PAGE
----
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West Midlands: Rising Temperatures, Fewer Deaths

Ruzanna Harutyunyan's picture

CLIMATE change in the West Midlands will likely lead to a drop in the region's death rate, according to a new study.

Paul Fisher, an Environmental Public Health Scientist with the Health Protection Agency, has spent months analysing temperature, population, death rates and climate change projections for the West Midlands.

In a new study, focusing on the direct effects of temperature, he estimates that by the 2020s death rates in the region could drop by 0.3 per cent and in winter by 0.8 per cent in the summer - which combined should mean a fall in the total number of deaths in the West Midlands of about 255 a year.

The same calculations suggest that by 2080 the West Midlands will record 912 fewer deaths directly linked to temperature.

Scientists have long predicted that climate change will lead to a drop in UK death rates as winters get warmer and summers get hotter. The conclusions tie in with the Department of Health and Health Protection Agency's 2008 climate change report.

The work is the first to specifically investigate the impact of climate change on the West Midlands' death rates.

The study noted that in the West Midlands;

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* Temperatures have been climbing quickly since 1960 and that there has been a continual fall in the number of days with a temperature below 0°C since the 1770s.

* According to the latest UK climate projections (UKCP09), between 1975 and 2004 average temperatures in the West Midlands have gone up, on average, 1.02°C in winter and 1.05° in summer.

* If industrial emissions are kept to a low level then average summer temperatures could be 0.4C higher in the 2020s than they were in 2004. If emissions are high than average summer temperatures would be 3.6C higher than the 2004 level by 2080.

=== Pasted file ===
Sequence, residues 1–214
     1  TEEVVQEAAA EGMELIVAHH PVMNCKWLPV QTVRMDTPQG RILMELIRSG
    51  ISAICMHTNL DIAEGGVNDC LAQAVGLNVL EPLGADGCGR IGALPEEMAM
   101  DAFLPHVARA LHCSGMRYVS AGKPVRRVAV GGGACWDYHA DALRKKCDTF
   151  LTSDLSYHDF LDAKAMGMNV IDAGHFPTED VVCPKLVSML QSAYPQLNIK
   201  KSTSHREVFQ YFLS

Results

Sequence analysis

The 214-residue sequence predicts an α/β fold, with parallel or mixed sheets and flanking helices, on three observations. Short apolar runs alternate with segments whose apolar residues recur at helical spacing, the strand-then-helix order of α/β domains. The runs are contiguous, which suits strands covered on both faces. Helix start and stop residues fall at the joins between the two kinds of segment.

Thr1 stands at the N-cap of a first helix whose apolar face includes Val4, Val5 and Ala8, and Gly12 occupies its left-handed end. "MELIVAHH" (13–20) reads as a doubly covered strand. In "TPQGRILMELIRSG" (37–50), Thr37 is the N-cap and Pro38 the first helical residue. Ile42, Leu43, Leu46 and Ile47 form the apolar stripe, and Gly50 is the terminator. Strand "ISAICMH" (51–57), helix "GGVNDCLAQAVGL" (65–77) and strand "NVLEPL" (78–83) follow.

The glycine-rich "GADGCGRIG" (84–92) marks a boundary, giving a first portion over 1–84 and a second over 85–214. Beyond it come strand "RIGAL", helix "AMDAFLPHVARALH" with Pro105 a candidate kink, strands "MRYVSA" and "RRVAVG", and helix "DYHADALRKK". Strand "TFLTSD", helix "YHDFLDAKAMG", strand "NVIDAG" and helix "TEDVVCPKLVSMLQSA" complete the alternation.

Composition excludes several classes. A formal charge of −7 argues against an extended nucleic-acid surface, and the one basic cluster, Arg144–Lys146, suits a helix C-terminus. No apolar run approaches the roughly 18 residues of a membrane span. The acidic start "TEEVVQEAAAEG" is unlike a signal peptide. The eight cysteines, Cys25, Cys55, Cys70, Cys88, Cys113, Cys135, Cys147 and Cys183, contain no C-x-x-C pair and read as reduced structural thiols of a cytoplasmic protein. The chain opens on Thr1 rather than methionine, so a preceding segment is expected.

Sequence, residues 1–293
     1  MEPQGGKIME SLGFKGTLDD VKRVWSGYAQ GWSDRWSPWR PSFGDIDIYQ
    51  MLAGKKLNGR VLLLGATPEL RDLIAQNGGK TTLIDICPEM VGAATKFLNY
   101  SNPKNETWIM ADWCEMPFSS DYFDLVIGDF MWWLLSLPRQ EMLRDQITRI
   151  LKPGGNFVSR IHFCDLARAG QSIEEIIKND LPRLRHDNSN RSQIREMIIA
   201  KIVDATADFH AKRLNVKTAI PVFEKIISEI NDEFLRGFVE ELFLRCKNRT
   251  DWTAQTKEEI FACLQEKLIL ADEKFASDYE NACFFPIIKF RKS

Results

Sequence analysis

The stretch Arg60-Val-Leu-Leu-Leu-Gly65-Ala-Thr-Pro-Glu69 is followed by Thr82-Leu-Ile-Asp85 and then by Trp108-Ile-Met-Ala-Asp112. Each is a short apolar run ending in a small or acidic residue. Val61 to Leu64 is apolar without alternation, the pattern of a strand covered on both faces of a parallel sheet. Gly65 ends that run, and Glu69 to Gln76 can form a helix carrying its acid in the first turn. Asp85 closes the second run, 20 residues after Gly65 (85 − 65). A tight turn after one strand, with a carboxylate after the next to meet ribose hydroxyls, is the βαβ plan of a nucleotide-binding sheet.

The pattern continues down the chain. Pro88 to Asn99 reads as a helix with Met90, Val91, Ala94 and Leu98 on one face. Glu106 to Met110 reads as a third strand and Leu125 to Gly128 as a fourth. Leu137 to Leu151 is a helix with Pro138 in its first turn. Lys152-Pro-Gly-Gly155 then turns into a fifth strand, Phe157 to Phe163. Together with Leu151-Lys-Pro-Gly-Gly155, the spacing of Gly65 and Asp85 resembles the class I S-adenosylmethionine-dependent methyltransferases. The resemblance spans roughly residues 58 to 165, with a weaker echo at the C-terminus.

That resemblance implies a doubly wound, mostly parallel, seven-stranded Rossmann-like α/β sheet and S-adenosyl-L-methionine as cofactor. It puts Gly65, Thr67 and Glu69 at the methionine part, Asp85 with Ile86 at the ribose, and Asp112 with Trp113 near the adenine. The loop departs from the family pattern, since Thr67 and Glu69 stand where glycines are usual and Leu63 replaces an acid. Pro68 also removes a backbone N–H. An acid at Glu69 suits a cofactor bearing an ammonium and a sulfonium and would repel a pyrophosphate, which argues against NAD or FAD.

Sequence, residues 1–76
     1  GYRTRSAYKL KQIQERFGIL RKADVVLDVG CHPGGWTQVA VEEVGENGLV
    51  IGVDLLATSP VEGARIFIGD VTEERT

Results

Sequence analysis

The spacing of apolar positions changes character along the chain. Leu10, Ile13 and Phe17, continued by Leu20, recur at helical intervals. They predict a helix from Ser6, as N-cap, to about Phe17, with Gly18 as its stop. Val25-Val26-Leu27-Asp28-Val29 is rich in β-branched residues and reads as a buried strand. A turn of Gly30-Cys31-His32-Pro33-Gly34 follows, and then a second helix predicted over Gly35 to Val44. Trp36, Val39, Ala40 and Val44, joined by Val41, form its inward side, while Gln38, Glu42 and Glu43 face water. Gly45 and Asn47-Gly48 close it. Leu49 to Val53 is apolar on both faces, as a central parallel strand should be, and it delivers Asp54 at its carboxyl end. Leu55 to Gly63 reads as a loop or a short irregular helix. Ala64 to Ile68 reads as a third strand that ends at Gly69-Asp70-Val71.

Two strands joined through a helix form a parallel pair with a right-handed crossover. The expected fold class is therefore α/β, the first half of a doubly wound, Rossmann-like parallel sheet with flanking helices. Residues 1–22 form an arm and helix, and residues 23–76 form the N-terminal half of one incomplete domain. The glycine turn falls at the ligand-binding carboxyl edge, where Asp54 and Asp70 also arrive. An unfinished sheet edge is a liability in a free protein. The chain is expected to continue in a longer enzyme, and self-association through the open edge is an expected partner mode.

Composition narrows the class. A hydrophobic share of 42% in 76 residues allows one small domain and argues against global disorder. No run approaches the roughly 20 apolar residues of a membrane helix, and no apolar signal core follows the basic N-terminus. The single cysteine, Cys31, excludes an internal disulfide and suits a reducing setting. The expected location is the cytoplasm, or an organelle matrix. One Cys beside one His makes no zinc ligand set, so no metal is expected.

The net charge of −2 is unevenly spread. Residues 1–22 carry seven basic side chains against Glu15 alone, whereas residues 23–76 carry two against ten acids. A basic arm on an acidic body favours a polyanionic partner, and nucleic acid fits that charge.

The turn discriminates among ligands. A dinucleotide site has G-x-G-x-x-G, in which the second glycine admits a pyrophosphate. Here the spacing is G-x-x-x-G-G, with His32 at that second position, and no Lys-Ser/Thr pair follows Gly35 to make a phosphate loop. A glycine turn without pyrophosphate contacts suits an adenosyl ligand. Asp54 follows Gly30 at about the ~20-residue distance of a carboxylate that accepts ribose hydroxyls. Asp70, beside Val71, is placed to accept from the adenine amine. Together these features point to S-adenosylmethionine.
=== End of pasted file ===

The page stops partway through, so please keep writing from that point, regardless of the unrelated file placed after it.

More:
The report suggests that health bodies could use the work to begin development of climate change linked public health surveillance systems as a changing climate could lead to more food poisoning, water-borne diseases, extreme weather events and changes to the quality of drinking water. If such problems were monitored it could be determined if climate change was a priority public health issue for the region.

It also concludes the work could aid understanding of the potential for impact of climate on sickness and death rates and in the development of regional health programmes to ensure climate change does not continue to affect the most vulnerable people in society.

Mr Fisher said: "This project only represents a rough estimate of the future changes in all-cause deaths due to the direct effects of temperature. This work looked at one element of climate change in a comparatively small, clearly defined, region. But as the issue is hugely complex it does not follow that the findings could be applied wider than for the West Midlands.

"It may appear on the surface that in the short term the health effects of climate change in Birmingham could have a beneficial effect - because of the anticipated drop in winter deaths.

"But it is not all good news as this study also found that the most deprived people in the West Midlands will be the most susceptible to climate change impacts, because of the location of many of these people in hotter city centres and the fact they have less opportunity to adapt their behaviours and lifestyles.

"Furthermore, work should be undertaken to study the wider impacts of climate change. The benefits of warmer winters could soon be outweighed by the impacts of stronger and more frequent extreme weather events, rising sea levels and the impacts on the global economy.''